A recipe to abolish no-shows

TheFork takes a stand against no shows

Imagine the Rolling Stones were playing at The State Theatre. You fork out $1,000 to nab four tickets, but on the day of the big show it’s cold outside so you decide to give it a miss – you no-show. Your four seats go empty and are not resold. It’s too late. The next day the State Theatre calls you up and says, “sorry you couldn’t make it last night, Mick Jagger says you can have your money back”. Sounds nuts right? It is – and it’s never going to happen, but unfortunately that’s exactly what the restaurant industry has been doing for decades.

No-shows are an accepted part of life, but the problem with the current booking methods in the restaurant industry is that they cause restaurants to bleed money. As it stands 3% of all bookings end in a no-show – and a big loss in profit.

No-shows for reservations are an age-old problem for restaurants – and it’s clear that consumers just don’t get it. They don’t understand how much it affects business. Not only does it affect profit margins but chefs put so much time and effort into preparation during the day, based on the night’s bookings. It also means that other diners who are arguably more committed, miss out on dining at a restaurant because of others who are inconsiderate and rude. It’s just not fair.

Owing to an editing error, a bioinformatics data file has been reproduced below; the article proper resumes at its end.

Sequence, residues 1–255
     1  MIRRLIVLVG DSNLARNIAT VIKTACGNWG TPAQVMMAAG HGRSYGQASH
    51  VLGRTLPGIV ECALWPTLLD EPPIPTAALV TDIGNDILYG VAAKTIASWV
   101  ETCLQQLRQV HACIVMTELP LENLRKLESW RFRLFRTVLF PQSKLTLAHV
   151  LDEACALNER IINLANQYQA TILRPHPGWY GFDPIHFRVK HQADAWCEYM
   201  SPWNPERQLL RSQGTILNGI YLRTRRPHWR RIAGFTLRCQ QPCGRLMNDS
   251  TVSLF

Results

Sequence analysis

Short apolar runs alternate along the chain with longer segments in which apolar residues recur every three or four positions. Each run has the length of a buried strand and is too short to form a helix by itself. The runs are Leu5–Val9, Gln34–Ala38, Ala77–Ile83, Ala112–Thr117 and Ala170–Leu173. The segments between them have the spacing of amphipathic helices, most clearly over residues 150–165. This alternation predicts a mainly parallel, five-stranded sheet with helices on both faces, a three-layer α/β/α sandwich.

Although some restaurants are beginning to put payment systems in place as a security measure, the restaurant industry is years behind other sectors. Think about it: when you book a flight, you pay up-front; when you book a hotel, you pay up-front; when you book a show, you pay up-front. Even hairdressers, beauticians and doctors are now asking for pre-payments – or at the very least, a deposit.

No-show at any of the above and it’s just too bad – you pay for it. But book a table at a restaurant, and you only pay if you choose to show-up. It’s not right.

We need to stop operating like a charity and start operating like a business. The industry needs to catch-up with what is now standard practice in most other comparable sectors. We need to evolve to survive and thrive.

So, what are the facts?

  • TheFork has published insights from its annual 2017 No Show Report, stating partner restaurants have blacklisted 38,000 diners since Feb 2016
  • No-shows cost the restaurant industry a staggering $75 million annually.
  • Data shows there’s been a 25% decrease in restaurant no-shows in the last 12 months

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